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A new report from NSRI (National Subsea Research Initiative) has identified Operations & maintenance (O&M) – particularly inspection, repair and maintenance (IRM) activities – as the highest potential area for subsea companies to diversify into offshore wind. Titled ‘Subsea Technological Challenges in Offshore Wind’, the report highlights opportunities the offshore wind industry holds for UK subsea companies, with a technology roadmap outlining the way ahead with industry-driven objectives.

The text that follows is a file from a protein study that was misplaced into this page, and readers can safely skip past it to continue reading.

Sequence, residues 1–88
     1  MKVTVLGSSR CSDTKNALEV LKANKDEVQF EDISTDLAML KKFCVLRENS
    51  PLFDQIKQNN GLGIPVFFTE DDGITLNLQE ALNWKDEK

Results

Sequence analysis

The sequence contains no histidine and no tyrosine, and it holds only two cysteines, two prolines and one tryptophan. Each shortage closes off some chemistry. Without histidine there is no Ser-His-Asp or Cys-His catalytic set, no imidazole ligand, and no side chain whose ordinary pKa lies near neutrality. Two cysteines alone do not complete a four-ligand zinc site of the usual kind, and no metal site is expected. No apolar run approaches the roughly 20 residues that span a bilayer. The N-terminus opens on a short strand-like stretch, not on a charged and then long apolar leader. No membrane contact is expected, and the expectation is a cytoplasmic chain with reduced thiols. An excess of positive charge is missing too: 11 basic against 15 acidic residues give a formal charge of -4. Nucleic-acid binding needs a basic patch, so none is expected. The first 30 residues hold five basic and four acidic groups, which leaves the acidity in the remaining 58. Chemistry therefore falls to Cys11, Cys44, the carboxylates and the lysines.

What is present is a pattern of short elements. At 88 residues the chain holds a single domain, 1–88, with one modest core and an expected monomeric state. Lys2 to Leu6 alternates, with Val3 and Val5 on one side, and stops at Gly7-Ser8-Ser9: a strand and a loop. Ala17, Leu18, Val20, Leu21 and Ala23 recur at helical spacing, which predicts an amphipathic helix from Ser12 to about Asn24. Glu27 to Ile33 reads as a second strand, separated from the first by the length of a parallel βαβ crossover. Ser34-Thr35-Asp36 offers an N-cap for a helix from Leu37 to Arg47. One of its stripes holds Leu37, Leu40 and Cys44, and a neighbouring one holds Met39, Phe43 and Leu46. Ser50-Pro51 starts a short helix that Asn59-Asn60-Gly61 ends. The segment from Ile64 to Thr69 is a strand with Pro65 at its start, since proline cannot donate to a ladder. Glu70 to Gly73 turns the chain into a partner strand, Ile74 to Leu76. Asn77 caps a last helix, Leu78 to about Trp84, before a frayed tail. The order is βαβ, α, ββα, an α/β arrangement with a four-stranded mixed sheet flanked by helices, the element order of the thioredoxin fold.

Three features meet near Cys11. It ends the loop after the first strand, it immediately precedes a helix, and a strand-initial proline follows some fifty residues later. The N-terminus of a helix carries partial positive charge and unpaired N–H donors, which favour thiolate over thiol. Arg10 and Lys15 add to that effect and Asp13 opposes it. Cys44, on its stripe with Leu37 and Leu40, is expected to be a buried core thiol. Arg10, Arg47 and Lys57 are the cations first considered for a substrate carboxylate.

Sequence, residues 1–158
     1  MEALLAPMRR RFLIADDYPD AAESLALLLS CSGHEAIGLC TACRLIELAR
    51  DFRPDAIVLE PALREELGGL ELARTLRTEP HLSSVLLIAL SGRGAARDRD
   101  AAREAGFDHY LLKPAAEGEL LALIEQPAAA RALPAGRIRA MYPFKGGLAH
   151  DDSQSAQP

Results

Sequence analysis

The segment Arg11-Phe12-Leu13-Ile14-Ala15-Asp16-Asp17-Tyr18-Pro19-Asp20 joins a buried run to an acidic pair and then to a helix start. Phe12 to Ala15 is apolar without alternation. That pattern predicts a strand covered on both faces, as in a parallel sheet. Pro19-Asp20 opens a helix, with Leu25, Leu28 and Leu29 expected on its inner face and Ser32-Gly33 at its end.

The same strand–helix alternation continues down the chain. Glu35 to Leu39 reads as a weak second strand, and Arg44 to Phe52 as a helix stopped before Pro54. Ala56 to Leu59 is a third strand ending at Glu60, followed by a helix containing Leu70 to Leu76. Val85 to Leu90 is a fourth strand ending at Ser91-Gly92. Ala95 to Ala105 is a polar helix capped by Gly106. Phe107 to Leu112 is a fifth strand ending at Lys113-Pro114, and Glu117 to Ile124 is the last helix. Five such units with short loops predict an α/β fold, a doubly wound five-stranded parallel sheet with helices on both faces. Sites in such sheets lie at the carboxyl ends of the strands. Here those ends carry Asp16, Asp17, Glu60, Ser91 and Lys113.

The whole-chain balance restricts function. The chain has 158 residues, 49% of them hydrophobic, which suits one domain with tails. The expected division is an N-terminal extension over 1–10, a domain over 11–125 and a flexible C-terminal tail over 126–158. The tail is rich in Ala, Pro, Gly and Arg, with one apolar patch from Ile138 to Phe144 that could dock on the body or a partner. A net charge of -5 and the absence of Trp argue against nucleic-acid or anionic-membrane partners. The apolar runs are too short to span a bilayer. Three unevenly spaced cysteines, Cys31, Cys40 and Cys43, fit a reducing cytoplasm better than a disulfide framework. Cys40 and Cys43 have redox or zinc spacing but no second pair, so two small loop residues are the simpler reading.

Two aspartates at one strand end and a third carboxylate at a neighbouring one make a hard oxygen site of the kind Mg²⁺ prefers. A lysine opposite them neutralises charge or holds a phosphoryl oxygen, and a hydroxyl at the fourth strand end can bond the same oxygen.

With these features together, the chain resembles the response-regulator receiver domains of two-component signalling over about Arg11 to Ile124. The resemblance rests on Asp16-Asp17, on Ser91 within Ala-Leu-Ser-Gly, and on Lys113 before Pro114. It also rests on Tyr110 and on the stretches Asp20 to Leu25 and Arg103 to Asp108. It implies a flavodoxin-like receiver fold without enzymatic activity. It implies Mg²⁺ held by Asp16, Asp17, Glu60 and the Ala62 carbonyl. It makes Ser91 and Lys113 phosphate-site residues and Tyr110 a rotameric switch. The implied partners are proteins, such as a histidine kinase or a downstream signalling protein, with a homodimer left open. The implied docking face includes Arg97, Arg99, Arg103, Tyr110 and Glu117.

Around 40 per cent of the typical lifecycle costs of offshore wind farm developments come from O&M requirements. Based on UK Government projections for offshore wind deployment, the O&M costs for more than 5,500 turbines could be worth GBP 2 billion per annum by 2025. Given the UK industry’s existing IRM capability, companies could break into the offshore wind market by offering individual services such as automated inspection, cable scour inspection, condition monitoring, remote monitoring, increased turbine access and risk based inspection. In time, these services could be bundled to deliver a full life-of-field offering. It’s also believed that diverless solutions will be of growing interest as offshore wind developments move further offshore into deeper waters. The report also highlights opportunities for operators, developers, academia and the wider industry to work together to break down barriers and bring about positive change.

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